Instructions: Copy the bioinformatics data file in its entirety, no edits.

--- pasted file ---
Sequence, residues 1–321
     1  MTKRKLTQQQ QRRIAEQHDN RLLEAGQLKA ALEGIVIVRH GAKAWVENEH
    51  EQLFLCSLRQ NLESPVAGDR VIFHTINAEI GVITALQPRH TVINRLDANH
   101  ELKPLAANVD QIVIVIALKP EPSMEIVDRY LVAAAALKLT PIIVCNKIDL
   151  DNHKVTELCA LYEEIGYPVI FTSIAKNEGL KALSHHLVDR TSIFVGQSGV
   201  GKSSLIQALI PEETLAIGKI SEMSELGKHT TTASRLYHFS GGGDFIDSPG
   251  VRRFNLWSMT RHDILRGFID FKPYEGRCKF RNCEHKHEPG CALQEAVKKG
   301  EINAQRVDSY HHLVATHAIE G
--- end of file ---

Sequence, residues 1–321
     1  MTKRKLTQQQ QRRIAEQHDN RLLEAGQLKA ALEGIVIVRH GAKAWVENEH
    51  EQLFLCSLRQ NLESPVAGDR VIFHTINAEI GVITALQPRH TVINRLDANH
   101  ELKPLAANVD QIVIVIALKP EPSMEIVDRY LVAAAALKLT PIIVCNKIDL
   151  DNHKVTELCA LYEEIGYPVI FTSIAKNEGL KALSHHLVDR TSIFVGQSGV
   201  GKSSLIQALI PEETLAIGKI SEMSELGKHT TTASRLYHFS GGGDFIDSPG
   251  VRRFNLWSMT RHDILRGFID FKPYEGRCKF RNCEHKHEPG CALQEAVKKG
   301  EINAQRVDSY HHLVATHAIE G